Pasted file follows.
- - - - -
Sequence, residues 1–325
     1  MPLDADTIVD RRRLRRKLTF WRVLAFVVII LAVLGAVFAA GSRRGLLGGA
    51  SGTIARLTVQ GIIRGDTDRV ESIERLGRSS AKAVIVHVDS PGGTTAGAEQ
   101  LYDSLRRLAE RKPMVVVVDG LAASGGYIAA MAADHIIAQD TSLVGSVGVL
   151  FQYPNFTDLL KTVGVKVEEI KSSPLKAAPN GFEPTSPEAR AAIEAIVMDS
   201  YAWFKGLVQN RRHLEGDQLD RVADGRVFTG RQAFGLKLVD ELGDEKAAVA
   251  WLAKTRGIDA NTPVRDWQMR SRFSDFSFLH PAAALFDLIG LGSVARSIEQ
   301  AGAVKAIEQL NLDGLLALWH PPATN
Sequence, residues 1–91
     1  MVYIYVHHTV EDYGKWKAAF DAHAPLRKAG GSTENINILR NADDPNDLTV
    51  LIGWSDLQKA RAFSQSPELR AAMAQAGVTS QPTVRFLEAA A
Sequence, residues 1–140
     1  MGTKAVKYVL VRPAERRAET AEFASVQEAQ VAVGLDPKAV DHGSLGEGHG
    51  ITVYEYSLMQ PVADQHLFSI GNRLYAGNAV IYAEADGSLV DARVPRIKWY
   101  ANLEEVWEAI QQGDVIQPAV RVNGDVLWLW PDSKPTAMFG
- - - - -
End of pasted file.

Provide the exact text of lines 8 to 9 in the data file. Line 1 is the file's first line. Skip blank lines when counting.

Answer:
   301  AGAVKAIEQL NLDGLLALWH PPATN
Sequence, residues 1–91